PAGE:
By Tom Fedro
Today’s executives face issues yesterday’s didn’t. This isn’t to say today’s businesses are completely different than those of the past. I’m a firm believer that business fundamentals are the exact same today as they were two hundred years ago. Everything still comes down to creating a product and selling it for more than it costs to make it. Now, though, the product is often virtual or intellectual in nature, and the ability of a company to sell it is influenced by a great deal more than the quality of the product, not the least of which is the rapid change in technology and game-changing alterations of needs, expectations, and therefore buying habits of the customer.
Take tires, for example. We’ve only had pneumatic tires for about a century, and they’ve been prevalent for less time than that. Thousands of wheel manufacturers had to adjust simply because a man wanted a bicycle tire for his son in the 1880s that would handle rough roads. Some of those tire companies were able to adjust to the sudden change in the marketplace, and some couldn’t. Other examples are even more profound. Carburetors gave way to fuel injection, for example. In some cases, entire industries were built out of needs previously unknown or unexplored. Cell phones make landlines almost irrelevant from a residential standpoint. Digital delivery of music has devastated manufacturers of machines designed to play non-digital media. The list goes on.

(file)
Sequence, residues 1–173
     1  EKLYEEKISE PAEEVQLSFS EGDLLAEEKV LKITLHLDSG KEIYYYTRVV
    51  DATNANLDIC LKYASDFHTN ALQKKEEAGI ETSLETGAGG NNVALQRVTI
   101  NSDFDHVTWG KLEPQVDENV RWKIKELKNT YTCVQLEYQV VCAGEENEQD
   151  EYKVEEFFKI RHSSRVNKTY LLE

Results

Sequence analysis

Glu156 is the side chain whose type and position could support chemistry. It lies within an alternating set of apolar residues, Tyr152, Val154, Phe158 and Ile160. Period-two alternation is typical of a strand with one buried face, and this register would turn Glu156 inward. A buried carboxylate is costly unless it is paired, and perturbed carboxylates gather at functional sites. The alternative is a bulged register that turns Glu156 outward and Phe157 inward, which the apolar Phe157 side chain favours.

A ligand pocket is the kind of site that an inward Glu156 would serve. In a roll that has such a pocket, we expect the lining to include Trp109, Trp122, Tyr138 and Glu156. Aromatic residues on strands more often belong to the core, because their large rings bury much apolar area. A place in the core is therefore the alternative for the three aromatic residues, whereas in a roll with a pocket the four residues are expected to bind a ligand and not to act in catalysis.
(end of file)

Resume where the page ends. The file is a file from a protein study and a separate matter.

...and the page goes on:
So how does an executive charged with the vision and direction of a company stay on top of what might happen tomorrow? After all, just getting where we need to be with our current set of tasks can be overwhelming, right? I believe the answer lies in the perception of the business itself. If you believe, for example, that you’re in the backup and recovery business, you might have a problem. Turn it around and say your company exists to keep information secure. Think you’re in the burger business? I think you’re offering customers food quickly and conveniently. Maybe there wouldn’t have been such a lapse in healthy choices at the big fast food companies if they’d thought that way.
The point of all this is that we need to be committed to what our products do for our customers, not what our products do from a technical standpoint. It does us no good to make great carburetors, no matter how much quality control we put in place. We can make the best steel rings ever produced to line our wheels, but it doesn’t do us any good. The key (and the hard part) is realizing when our product, no matter how stable and well thought out, has become our goal instead of our means to the goal.